Whenever I see a covered car, I think to myself, “they’re not fooling anyone, there’s definitely a car hiding under that.” Clearly, they’re not good at disguising cars, but are they good at preventing rust? Some people think they actually cause rust.
It’s a tricky answer. Yes, car covers can cause rust, but they won’t ever cause rust if they’re used correctly. The trick is to pick the correct type of car cover and make sure you never put it on a wet vehicle. Failure to follow those guidelines can definitely lead to rust.
I did some digging and put together a list of the pros and cons of owning and using a car cover. I’ll even let you know whether or not they cause rust. By the end of this piece, you should know if you want to use a car cover moving forward for your vehicle.
What is Rust?
Rust is the byproduct of metal coming in contact with oxygen. It’s a form of oxidation which is a chemical reaction. Even though rust just looks like brown spots on a piece of metal, it can be super dangerous.
The chemical reaction actually eats through the metal. If you see a really rusty vehicle, you might notice a big hole where the rust is forming. That hole is thanks to the rust.
In fact, rust on the framework of a car can lead to an unsafe vehicle. Inspectors are known to fail a vehicle if it shows too much rust for this very reason. Needless to say, avoiding rust should be a big focus of every car owner.
How is Rust Formed?
Without getting into the nerdy science behind it, I want to talk about how rust forms. The oxygen in the air reacts with exposed metal and creates rust.
There are a few ways to avoid rust, but they all pertain to disrupting this process. For example, your car probably has a layer of paint then a topcoat on the metal. This is to protect the metal and make sure it doesn’t rust quickly.
The oxidation process is expediting when moisture is introduced. If a pool of water is sitting on a piece of exposed metal, you’ll notice that it rusts a lot faster than metal with no water on it.
The Purpose of a Car Cover
In an effort to keep air and water away from cars, a lot of people opt for car covers. This is no new invention. It started as a simple piece of plastic that would be draped over a car. Now, you’ll find a range of materials and sizes for these covers. Some are even custom-made for certain makes, models, and years of vehicles.
The original purpose of a car cover was to protect peoples’ vehicles. Today, the purpose stays the same. A car cover is used to protect a vehicle from nature when a garage or carport can’t be used. But, do they cause rust? I’ll talk about this later.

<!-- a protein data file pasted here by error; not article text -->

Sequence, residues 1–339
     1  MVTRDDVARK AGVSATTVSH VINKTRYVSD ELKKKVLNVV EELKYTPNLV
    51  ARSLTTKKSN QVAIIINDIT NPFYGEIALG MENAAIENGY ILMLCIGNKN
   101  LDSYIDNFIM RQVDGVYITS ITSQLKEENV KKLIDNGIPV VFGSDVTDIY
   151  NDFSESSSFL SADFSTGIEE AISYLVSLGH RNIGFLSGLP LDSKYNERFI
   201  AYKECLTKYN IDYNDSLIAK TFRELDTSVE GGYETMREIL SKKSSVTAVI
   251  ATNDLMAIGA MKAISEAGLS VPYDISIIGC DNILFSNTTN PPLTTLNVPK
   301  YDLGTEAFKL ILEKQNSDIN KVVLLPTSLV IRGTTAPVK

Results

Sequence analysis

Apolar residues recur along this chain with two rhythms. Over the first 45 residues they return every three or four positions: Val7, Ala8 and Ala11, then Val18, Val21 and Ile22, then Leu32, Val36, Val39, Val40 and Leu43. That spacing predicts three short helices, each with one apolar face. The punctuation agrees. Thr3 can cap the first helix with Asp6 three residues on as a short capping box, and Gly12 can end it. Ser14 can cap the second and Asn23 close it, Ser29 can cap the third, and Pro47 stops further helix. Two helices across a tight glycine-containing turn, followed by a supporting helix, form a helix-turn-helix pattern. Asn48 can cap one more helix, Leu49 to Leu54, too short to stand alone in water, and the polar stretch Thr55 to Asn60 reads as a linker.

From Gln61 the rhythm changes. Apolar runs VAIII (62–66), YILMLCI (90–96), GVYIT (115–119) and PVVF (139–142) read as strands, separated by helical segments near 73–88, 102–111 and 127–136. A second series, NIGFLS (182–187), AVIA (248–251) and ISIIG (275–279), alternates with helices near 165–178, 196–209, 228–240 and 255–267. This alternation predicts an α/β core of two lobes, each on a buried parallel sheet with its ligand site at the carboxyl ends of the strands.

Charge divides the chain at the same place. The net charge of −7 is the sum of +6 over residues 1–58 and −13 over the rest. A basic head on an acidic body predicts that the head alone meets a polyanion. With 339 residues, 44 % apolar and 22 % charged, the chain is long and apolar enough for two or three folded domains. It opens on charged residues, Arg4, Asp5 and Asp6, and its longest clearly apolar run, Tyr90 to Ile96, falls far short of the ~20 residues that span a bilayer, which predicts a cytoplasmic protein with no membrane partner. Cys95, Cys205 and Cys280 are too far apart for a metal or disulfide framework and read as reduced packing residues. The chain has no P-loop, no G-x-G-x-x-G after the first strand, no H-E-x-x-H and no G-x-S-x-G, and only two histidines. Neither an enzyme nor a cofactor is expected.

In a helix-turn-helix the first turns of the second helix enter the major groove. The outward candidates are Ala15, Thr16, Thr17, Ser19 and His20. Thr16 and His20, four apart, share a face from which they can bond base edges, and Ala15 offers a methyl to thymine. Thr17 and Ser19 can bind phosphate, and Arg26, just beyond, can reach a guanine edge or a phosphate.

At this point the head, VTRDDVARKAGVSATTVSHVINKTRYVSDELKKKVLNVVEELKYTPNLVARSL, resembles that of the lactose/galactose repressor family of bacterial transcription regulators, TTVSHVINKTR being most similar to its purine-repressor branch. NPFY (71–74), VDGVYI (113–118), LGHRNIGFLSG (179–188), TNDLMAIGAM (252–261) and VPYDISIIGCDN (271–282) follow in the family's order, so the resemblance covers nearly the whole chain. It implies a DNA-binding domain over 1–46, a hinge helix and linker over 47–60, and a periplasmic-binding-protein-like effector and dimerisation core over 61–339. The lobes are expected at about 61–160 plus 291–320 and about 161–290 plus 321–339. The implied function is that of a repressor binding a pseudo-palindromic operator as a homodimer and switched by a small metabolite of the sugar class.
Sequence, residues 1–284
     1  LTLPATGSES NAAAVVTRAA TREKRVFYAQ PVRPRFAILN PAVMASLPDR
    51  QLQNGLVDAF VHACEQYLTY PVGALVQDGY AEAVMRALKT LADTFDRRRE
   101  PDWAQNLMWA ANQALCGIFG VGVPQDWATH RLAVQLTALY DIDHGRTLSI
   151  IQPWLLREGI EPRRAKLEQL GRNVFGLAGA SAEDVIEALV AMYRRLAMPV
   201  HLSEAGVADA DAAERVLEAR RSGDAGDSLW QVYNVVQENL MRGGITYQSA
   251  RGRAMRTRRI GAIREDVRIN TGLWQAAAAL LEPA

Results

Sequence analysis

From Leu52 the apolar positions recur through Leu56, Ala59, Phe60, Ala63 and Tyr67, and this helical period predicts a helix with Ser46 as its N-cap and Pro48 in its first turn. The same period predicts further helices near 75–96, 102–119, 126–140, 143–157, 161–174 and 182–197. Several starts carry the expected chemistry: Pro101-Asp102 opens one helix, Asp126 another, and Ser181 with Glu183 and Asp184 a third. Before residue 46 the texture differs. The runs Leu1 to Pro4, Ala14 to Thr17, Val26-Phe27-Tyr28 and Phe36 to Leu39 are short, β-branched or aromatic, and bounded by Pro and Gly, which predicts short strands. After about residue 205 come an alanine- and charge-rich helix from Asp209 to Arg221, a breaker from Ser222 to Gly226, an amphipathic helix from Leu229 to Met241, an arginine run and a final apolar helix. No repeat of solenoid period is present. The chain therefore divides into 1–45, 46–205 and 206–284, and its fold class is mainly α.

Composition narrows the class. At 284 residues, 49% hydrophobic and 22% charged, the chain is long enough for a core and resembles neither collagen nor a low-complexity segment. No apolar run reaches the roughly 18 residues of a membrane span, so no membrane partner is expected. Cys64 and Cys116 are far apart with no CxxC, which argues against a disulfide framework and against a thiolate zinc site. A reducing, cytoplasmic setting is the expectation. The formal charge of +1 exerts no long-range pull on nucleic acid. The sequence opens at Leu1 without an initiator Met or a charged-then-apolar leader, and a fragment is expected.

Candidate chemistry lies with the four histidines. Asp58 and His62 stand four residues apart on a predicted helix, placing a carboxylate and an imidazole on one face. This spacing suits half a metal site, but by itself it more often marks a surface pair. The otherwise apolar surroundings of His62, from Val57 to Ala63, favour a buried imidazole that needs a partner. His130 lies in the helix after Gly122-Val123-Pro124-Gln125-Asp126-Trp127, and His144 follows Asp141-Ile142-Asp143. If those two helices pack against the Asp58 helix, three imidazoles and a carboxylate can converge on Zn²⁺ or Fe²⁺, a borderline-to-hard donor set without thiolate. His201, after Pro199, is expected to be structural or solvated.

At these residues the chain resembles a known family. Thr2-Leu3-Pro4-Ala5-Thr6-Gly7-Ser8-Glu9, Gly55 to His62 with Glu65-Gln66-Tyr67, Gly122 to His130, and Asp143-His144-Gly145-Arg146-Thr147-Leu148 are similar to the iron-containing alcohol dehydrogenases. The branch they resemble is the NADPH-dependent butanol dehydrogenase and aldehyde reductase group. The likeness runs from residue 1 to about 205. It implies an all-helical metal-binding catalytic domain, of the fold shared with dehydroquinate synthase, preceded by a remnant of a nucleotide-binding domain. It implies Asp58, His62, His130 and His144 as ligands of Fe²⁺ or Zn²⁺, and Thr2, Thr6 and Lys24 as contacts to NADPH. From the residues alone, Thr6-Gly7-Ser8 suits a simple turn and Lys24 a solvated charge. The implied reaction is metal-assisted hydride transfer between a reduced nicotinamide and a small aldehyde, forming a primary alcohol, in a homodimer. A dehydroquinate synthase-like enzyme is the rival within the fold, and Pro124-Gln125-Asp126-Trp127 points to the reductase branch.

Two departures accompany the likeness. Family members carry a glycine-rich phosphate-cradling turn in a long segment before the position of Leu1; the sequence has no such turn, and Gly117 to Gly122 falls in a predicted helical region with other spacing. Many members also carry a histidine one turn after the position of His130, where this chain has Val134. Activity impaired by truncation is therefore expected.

When your car is parked outside overnight, you might wake up to a pollen-covered or vandalized vehicle. The great outdoors isn’t so great when it comes to storing a vehicle.
Pros of Car Covers
I want to start by talking about why people love car covers. Since there’s a whole industry of car covers, clearly there are some benefits of them.
Avoid the Car Wash
My favorite part of a car cover is how clean it keeps my car. It prevents pollen, dust, tree sap, and leaves from piling on your car while it’s parked overnight.
When you take off the car cover, you expose a perfectly clean vehicle.
This pushes back your need to go to a car wash. Rather than learning how to wash your car with hard water, you can just throw a car cover on and keep it fresh.
Protect from UV Rays
One of the best ways to prevent your car’s paint from fading is with a car cover. That pesky sun is always throwing UV rays to Earth and fading car paint across the globe.
The only way to avoid UV fading is to prevent the UV rays from getting to your car in the first place.
Since car covers are not transparent (as in, you can’t see through them), they block UV rays. It means that your paint will always stay vibrant for as long as you cover your car.
If you want to keep your vintage car looking brand-new, this is the way.
Until engineers develop an engineer that can fold up and go in your pocket, the car cover is the best way to get portable protection from the elements.
These covers can fold and roll up to a small bundle. You can throw it in your back seat or trunk and it stays out of the way until you need it again.
Animals, tree branches, and flying debris can do a lot of damage to your car while it’s uncovered and parked. They can all scratch your precious paint which, ironically enough, can lead to rust in the future.
Remember, your paint is the thing that prevents rust in the first place. A deep enough scratch will expose the bare metal of your vehicle and promote rust. If you do have scratches, you should remove car scratches before it’s too late.
To avoid scratches in the future, try out a car cover. The tough material will take the brunt of the impact without transferring scratches to your car’s paint underneath. Think of it as a little shield for your vehicle.
You can walk into Walmart with 30 bucks and walk out with a car cover. Yes, they’re really that inexpensive.
Of course, the heavier duty and nicer covers are going to cost more, but it’s almost impossible to find a car cover that’s more than $200.
It’s difficult to find a comparable level of protection for your vehicle at such a low price. Even if you’re skeptical, it’s worth getting a cover and trying it out before writing them off.
Although a car cover can easily be stolen, they still do a good job of deterring vandals. There’s something about the whole “out of sight, out of mind” idea that causes would-be vandals to keep walking.